Then Olive, with huge smile on her face, poked Lucy in the eye, stuck her hand in her mouth and started grabbing the inside of her cheek, like she wanted to rip the lips off her face. Great.

How do I tell my 14 month old to try and remove other children’s tonsil’s gently?

Wednesday, June 16, 2010

Defense! Defense!

The last two nights we brought Olive to a big playground about a mile away from us. We have a small playground right across the street from us, so why do we drive to a different one? First, the playground across the street is usually patronized by the two five-year-old creepy twin girls who like to try and kidnap Olive, bring her down slides, and use her as their personal cabbage patch doll. I am terrified of them. They remind me a little bit of Middle Eastern versions of the twins from The Shining. And Olive is pretty scared at this point too. If they come within two feet of her she turns and runs for mommy and daddy, hands straight up in the air, screaming like a banshee. I may consider allowing her to carry mace. Or maybe one of those whistles they give to girls their first day of college.

Also, the point of bringing Olive to the playground at all is to get her to run around, climb up some stuff, and tire her self out so she’ll go to sleep as soon as we get home. The playground across the street is a little small and, more importantly, covered in woodchips. Olive likes to eat woodchips. She runs around for about five minutes and then plops down on the ground to start her meal. Not achieving our mission.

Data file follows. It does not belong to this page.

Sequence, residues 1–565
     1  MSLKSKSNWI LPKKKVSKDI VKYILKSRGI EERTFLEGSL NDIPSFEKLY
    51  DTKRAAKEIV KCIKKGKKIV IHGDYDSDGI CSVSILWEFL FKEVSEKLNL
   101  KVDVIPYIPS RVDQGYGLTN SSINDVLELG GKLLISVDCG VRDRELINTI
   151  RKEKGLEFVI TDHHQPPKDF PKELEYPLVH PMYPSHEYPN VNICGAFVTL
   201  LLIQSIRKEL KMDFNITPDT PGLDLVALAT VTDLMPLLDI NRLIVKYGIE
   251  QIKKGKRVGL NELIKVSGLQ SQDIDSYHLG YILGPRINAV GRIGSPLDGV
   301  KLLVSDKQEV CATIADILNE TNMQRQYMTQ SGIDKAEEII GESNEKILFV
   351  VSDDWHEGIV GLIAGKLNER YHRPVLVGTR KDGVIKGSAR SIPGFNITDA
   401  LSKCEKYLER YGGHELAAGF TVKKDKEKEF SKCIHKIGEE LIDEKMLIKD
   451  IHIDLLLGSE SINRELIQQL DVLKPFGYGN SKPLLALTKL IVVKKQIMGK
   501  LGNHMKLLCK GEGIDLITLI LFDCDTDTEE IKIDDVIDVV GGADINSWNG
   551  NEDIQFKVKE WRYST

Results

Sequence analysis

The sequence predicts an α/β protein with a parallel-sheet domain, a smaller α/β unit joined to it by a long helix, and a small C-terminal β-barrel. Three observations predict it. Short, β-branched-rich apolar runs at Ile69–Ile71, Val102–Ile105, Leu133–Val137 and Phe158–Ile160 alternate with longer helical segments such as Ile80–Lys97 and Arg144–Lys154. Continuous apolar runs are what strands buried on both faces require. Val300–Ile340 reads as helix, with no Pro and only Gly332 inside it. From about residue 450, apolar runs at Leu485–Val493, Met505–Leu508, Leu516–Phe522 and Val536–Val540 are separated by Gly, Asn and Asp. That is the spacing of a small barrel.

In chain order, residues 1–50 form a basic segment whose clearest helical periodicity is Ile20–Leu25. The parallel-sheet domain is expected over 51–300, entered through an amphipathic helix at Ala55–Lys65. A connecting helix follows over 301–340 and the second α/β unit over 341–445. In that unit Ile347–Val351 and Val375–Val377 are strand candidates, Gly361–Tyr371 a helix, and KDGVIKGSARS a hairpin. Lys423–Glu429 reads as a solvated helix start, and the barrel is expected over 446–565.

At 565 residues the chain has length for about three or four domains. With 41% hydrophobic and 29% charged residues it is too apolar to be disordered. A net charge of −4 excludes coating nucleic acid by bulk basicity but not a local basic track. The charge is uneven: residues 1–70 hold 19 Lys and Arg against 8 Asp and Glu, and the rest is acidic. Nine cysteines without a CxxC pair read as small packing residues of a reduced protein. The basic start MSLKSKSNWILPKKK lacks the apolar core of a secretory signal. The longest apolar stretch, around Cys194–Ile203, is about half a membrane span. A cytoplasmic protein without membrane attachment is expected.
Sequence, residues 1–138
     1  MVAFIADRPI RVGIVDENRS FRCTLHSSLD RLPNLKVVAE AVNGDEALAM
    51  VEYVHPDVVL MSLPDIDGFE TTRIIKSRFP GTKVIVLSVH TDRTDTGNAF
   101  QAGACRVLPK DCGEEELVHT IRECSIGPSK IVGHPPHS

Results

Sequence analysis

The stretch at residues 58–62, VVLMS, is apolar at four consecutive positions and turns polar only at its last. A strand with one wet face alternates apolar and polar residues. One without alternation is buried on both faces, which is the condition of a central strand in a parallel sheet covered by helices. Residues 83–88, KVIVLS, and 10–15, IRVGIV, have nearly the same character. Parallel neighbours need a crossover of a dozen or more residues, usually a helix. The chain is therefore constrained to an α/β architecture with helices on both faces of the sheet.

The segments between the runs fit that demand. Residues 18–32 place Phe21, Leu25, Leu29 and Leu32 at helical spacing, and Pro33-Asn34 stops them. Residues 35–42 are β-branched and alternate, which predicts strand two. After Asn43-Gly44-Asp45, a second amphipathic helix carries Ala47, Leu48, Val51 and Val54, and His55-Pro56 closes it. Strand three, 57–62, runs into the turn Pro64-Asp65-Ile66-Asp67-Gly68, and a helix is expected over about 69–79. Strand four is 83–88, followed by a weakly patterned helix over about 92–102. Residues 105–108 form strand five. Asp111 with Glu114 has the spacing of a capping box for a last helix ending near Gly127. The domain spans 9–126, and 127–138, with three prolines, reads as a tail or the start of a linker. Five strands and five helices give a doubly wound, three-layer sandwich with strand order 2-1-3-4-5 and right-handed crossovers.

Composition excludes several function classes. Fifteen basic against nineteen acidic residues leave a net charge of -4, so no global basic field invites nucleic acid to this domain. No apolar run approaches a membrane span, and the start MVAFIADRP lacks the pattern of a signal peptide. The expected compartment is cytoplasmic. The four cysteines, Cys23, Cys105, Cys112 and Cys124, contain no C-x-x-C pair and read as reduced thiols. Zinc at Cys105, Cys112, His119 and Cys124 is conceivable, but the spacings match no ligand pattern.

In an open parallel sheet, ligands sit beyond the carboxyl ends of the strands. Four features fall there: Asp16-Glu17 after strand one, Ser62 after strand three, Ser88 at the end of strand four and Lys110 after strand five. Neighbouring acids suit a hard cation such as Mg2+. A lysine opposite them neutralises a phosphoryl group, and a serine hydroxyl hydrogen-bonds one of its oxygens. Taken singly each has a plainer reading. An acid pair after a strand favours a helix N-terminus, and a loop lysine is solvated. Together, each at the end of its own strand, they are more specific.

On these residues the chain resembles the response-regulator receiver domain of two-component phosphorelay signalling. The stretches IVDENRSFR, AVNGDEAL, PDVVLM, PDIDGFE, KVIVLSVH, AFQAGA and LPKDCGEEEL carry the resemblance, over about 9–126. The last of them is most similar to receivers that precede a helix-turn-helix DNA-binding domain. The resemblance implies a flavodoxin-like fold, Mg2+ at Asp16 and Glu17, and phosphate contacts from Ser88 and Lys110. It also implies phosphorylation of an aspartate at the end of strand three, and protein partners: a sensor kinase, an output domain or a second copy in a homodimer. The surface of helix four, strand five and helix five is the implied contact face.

If she manages to avoid the attraction of delicious shredded cedar, Olive gets distracted by the tennis court next to the playground. If people are playing on it, she points, says some form of the word “ball” and makes a bee line for the court. Only she doesn’t want to watch. She wants to play. Active tennis courts aren’t the safest place for a child Olive’s age. The woodchip and tennis court scenario always usually end up with us picking up a crying Olive and heading back across the street.

So every once and a while we pile in the car and take Olive to this huge playground where there are fewer distractions. No creepy twins. No tennis balls being batted around. And the entire thing is covered in the squishy rubber stuff they make running tracks out of – no woodchips.

On Monday, Leanne and I both brought Olive. Tuesday, I flew solo. This is when I started to realize the difference parent to child ratio plays in the playground experience. First, this place is massive. Lots of open space to run around. Lots of steps and slides and ramps to run around. It is a great playground for a kid Olive’s age because it doesn’t try to emulate a Navy SEALS obstacle course. So she takes advantage of it. She roams all over the place and has to touch EVERYTHING. With the parent to child ratio at 2:1, Leanne and I were able to play zone defense. I watched this opening in the ramp and she watched the monkey bars. I was at the bottom of the slide and she was at the top. Sure, there was one small breakdown in communication where I almost let Olive take a fall from a three foot high platform, but we were positioned well enough that we could close in pretty quick.